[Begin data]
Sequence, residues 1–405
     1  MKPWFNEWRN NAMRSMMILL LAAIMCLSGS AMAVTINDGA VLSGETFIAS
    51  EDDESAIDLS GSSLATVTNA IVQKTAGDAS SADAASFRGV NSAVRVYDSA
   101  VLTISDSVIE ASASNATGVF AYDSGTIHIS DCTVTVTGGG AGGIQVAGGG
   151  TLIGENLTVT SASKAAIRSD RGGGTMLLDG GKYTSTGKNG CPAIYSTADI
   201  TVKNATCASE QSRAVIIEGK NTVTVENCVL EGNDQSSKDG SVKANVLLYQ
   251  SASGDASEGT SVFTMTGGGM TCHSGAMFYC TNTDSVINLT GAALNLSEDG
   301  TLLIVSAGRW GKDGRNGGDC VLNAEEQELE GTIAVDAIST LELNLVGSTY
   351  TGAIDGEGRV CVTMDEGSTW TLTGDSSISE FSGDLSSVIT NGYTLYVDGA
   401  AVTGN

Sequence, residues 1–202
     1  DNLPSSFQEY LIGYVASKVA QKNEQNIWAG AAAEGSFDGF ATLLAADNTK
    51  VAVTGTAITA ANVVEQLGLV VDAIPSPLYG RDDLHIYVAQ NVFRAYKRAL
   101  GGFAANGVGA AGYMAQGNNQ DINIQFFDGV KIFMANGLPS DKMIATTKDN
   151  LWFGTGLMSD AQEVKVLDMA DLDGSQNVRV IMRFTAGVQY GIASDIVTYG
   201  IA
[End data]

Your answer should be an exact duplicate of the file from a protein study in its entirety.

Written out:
Sequence, residues 1–405
     1  MKPWFNEWRN NAMRSMMILL LAAIMCLSGS AMAVTINDGA VLSGETFIAS
    51  EDDESAIDLS GSSLATVTNA IVQKTAGDAS SADAASFRGV NSAVRVYDSA
   101  VLTISDSVIE ASASNATGVF AYDSGTIHIS DCTVTVTGGG AGGIQVAGGG
   151  TLIGENLTVT SASKAAIRSD RGGGTMLLDG GKYTSTGKNG CPAIYSTADI
   201  TVKNATCASE QSRAVIIEGK NTVTVENCVL EGNDQSSKDG SVKANVLLYQ
   251  SASGDASEGT SVFTMTGGGM TCHSGAMFYC TNTDSVINLT GAALNLSEDG
   301  TLLIVSAGRW GKDGRNGGDC VLNAEEQELE GTIAVDAIST LELNLVGSTY
   351  TGAIDGEGRV CVTMDEGSTW TLTGDSSISE FSGDLSSVIT NGYTLYVDGA
   401  AVTGN

Sequence, residues 1–202
     1  DNLPSSFQEY LIGYVASKVA QKNEQNIWAG AAAEGSFDGF ATLLAADNTK
    51  VAVTGTAITA ANVVEQLGLV VDAIPSPLYG RDDLHIYVAQ NVFRAYKRAL
   101  GGFAANGVGA AGYMAQGNNQ DINIQFFDGV KIFMANGLPS DKMIATTKDN
   151  LWFGTGLMSD AQEVKVLDMA DLDGSQNVRV IMRFTAGVQY GIASDIVTYG
   201  IA